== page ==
Monday, February 09, 2009

A Prog In My Throat

Okay, that is a horrible pun even by my standards. Whatever.

I have been listening to a lot of prog rock lately. Discovered a lot of new-to-me bands, gotten more familiar with even more. Biggest things for me: Camel and the Canterbury Scene, Adrian Belew-era King Crimson, Gentle Giant, and online prog radio. Thoughts on each below.

Canterbury Prog
I had become aware of Camel as one of the favorite bands of Opeth's Mikael Ã…kerfelt, but had not given them a proper listen for some time. When I did, I discovered that they were but a part of a fairly big scene of prog musicians, most of whom are not actually from Canterbury (and most of whose influence can be heard in Opeth) with a lot of fantastic band names: Camel, Gong, Egg, Hatfield and the North (in a sense a forerunner to Sleater-Kinney - Click here to see how) to name a few. Aside from influencing a fantastic band a couple decades later, one of the biggest contributions of the scene to music as a whole was Allan Holdsworth, who played early in his career with bands like Gong and Soft Machine.

The Canterbury Scene is pretty loosely defined; but it seems to largely signify exceptionally jazz-fusion influenced prog rock, and there is an apparent continuum within the scene with ends of more-pop-influenced and more-experimental. Camel and Caravan are two examples of the more poppy side of Canterbury prog, with fairly standard song structures and hooky choruses, as well as often very sonorous and accessible lead vocalists like Richard Sinclair (who worked at times with both Camel and Caravan). On the opposite end are very avant-garde bands like National Health and Hatfield and the North. There was, however, a similar tonal sensibility throughout the scene.

Camel - Excerpts from The Snow Goose
Rather in the middle on the Canterbury Continuum

Discipline by King Crimson, where KC founder Robert Fripp was joined by Talking Heads and Zappa alum Adrian Belew, Yes batterer Bill Bruford, and now legendary Chapman Stick player Tony Levin, is one of the most fantastic albums of all time. That's basically all I have tos ay on the matter.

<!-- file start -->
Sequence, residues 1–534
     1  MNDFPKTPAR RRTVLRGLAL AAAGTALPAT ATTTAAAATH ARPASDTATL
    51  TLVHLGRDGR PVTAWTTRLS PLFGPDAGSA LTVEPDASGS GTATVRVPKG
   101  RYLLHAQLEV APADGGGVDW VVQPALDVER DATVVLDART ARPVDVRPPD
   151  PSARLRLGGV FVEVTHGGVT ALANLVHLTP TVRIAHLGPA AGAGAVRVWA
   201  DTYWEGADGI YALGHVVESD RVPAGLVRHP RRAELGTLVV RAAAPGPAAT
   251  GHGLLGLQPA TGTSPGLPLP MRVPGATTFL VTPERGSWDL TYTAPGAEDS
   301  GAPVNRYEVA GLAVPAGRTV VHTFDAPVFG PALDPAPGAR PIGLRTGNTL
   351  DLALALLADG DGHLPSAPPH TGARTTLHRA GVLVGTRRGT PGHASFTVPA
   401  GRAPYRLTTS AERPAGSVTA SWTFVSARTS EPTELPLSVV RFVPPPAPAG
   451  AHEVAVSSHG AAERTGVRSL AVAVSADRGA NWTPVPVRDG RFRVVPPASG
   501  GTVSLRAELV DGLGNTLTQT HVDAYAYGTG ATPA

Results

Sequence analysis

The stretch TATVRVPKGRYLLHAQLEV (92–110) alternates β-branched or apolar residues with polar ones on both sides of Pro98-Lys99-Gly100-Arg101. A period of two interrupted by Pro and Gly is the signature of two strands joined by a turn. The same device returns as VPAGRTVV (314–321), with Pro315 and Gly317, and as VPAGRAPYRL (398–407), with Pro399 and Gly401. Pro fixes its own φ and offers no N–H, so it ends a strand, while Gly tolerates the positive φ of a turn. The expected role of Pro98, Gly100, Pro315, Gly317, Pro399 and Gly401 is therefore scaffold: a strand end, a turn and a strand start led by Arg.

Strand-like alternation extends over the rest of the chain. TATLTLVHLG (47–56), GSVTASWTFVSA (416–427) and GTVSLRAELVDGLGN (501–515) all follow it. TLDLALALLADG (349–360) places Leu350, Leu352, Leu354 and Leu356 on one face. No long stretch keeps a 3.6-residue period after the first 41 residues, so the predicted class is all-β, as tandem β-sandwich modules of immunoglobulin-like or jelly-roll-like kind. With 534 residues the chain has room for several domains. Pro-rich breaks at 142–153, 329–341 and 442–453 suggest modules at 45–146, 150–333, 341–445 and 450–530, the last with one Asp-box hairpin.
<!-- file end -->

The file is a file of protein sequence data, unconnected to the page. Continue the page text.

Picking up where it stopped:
King Crimson - Elephant Talk
Gee, I wonder if Les Claypool ever had this record?

Gentle Giant
Gentle Giant are one of the best bands you've never heard of. Also one of the strangest. Also one of the strangest looking, but that's a story for another day. Featuring a cast of multi-instrumentalists and often dressing like they had just come from a Ren Faire, Gentle Giant played a music that was part jazz fusion, part avant-garde, part English folk, but all amazing. The band's sound is similar in many ways to the pop-rock side of jazz fusion (like, say Steely Dan), but rarely quite so accessible. They made a lot of interesting arrangement choices - having a seven-minute song that changed halfway through from being driven by falsetto vocals, fiddle, and recorder to a more poppy song with rock drums and vocals or breaking in the middle of a fairly short song for a three minute acoustic guitar dual with no backing both come to mind. One way in which Gentle Giant can be more comfortably grouped with other prog musicians is by keeping their keyboardist behind stacks and stacks of keyboards on the side of the stage.

Additionally, in this day of YouTube and Wikipedia and things, it's remarkable to me how accidental my discovery of this band was: I saw their cd in a store and, judging it by its cover, decided I had to know all about the band.

Gentle Giant - Funny Ways
Oooh, look at as, we play so many instruments!

Prog Radio Online
Been listening a bit to Morrow - The Prog Radio lately. They play a fairly good mix of old and new prog, but their playlist is not huge. I've enjoyed a lot of the songs on their, but for being ostensibly progressive regarding music the people there (on the forums that is) are somewhat musically closed-minded. There are certainly some contradictions to this, like that the station plays bands like The Mars Volta along with the standard fair like Dream Theater and Genesis. But, they also are fairly limited in what sort of musical progress they are interested in seeing. Mixing prog rock melodies with, say, death metal vocals, is not too cool to them. As such, while they will play song by Opeth, when the issue comes up they will sometimes edit out the portion of the song with the heavy vocals. Now, while I did not approve of this really (not really a terribly progressive move, etc.), I did not stick around arguing it too much as I certainly don't want to end up being the guy on the internet calling people fascists. So that said, it's mostly a good station, but I differ from them philosophically. Maybe it's just their Frenchness.